The similarities to the debut continue in that the best thing on "Taliesyn" is what opens side two. "Shield" is easily the highlight here, and their best original composition so far outside of "Mandrake Root" itself. The song boasts a haunting melody well-sung by Evans, a fascinating arrangement and glorious instrumental section with what is easily Blackmore's most soulful and creative solo to date. Lord contributes a very percussive organ backing and while he was not the first to utilize this technique in rock (yes, Emerson and Auger beat him to it, I'm we go again!), it's a very impressive use of it, possibly the best I've heard. Since I had only heard two songs from "Taliesyn" up to this point, this was the first time I had heard "Shield", and it's the first nice surprise I've had so far on this project.

The classically-inspired ballad "Anthem" follows, and is OK but a bit dull. The strings toward the end enliven things and bring some variety to the record; this is one example of the more elaborate production which would serve the band really well on the next album, IMO. Finally, we have the epic re-arrangement of "River Deep Mountain High", once *again* following the "classical intro into contemporary-cover" formula. "Thus Spake Zarathustra" is now given the rock makeover, although this time I'm not really impressed; it doesn't come close to the majesty of the orchestral version. OTOH the "River Deep Mountain High" section rocks pretty good; the group avoid trying to sound like Vanilla Fudge for once, so this is less sludgy-ponderous than some of the other covers. Still, this version of "River Deep" isn't as strong as The Animals' version, coincidentally released the same month on their double album "Love Is".

Overall, "Book Of Taliesyn" showcases some promising new developments--their best original song "Shields", better sound and production, and a bit more variety--but is overall weaker than the debut, sounding for the most part like a less inspired copy. Lord and Paice sound the most energized here; Blackmore's solos are all competent, but the one which gives us a true inkling of what was to come from him is on "Shields". I find it interesting, though, that stylistically the band seemed to be heading in an ever-proggier direction, something confirmed by the next album and "Concerto" but then abruptly cut short by the quick left turn on "In Rock". But more when we get to all's the track-by-track breakdown:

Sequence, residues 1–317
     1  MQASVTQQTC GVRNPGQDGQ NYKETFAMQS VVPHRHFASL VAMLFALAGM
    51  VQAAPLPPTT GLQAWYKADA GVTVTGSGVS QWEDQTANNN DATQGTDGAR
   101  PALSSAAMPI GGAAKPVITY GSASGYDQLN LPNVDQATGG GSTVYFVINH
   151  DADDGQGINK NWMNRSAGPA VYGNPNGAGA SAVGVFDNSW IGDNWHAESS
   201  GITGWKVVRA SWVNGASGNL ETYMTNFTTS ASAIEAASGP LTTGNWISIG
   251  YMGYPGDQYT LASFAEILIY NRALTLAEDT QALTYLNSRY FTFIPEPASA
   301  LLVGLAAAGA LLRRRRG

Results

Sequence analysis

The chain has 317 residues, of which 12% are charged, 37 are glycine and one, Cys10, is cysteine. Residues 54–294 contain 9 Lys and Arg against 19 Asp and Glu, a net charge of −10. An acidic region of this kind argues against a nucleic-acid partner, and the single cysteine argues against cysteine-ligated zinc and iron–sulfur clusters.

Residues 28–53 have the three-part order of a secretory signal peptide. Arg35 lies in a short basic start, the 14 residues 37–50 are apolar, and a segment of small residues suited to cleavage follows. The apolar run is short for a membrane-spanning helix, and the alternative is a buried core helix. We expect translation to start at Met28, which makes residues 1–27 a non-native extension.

Listen, Learn, Read On: 3.5
Wring That Neck: 3
Kentucky Woman: 3.5
Exposition/We Can Work It Out: 3.5
Shield: 5
Anthem: 3
River Deep, Mountain High: 3.5

Overall: I can't decide on a 3 or 3.5 out of 5. Anyways, that translates to either a B- or C+ grade.

And here's a link to the full album if anyone hasn't heard it yet:

In reply to an earlier post on Nov 24, 2012 5:05:23 PM PST
Last edited by the author on Nov 24, 2012 5:11:18 PM PST
@AlexMontrose: "If we took every minute or two of a guitar solo that sounded like another guy and claimed he ripped him off because one minute of his 49 million minutes of guitar solos "reminds" you of someone else then according to Topper everyone is ripping everyone else off every time they play."